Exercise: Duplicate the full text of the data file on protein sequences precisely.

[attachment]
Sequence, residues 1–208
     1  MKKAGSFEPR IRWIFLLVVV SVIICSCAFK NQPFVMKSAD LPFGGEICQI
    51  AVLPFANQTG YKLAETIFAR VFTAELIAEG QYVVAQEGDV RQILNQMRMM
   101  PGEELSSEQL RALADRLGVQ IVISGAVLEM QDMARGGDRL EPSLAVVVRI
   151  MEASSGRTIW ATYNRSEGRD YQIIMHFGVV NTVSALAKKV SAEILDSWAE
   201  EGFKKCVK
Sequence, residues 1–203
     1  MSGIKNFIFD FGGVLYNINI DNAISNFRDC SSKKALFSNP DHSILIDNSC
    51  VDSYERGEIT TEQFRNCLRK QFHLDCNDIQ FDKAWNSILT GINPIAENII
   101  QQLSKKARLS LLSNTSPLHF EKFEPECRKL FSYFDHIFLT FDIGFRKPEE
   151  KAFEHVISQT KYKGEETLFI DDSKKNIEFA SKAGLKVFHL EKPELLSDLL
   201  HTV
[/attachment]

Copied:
Sequence, residues 1–208
     1  MKKAGSFEPR IRWIFLLVVV SVIICSCAFK NQPFVMKSAD LPFGGEICQI
    51  AVLPFANQTG YKLAETIFAR VFTAELIAEG QYVVAQEGDV RQILNQMRMM
   101  PGEELSSEQL RALADRLGVQ IVISGAVLEM QDMARGGDRL EPSLAVVVRI
   151  MEASSGRTIW ATYNRSEGRD YQIIMHFGVV NTVSALAKKV SAEILDSWAE
   201  EGFKKCVK
Sequence, residues 1–203
     1  MSGIKNFIFD FGGVLYNINI DNAISNFRDC SSKKALFSNP DHSILIDNSC
    51  VDSYERGEIT TEQFRNCLRK QFHLDCNDIQ FDKAWNSILT GINPIAENII
   101  QQLSKKARLS LLSNTSPLHF EKFEPECRKL FSYFDHIFLT FDIGFRKPEE
   151  KAFEHVISQT KYKGEETLFI DDSKKNIEFA SKAGLKVFHL EKPELLSDLL
   201  HTV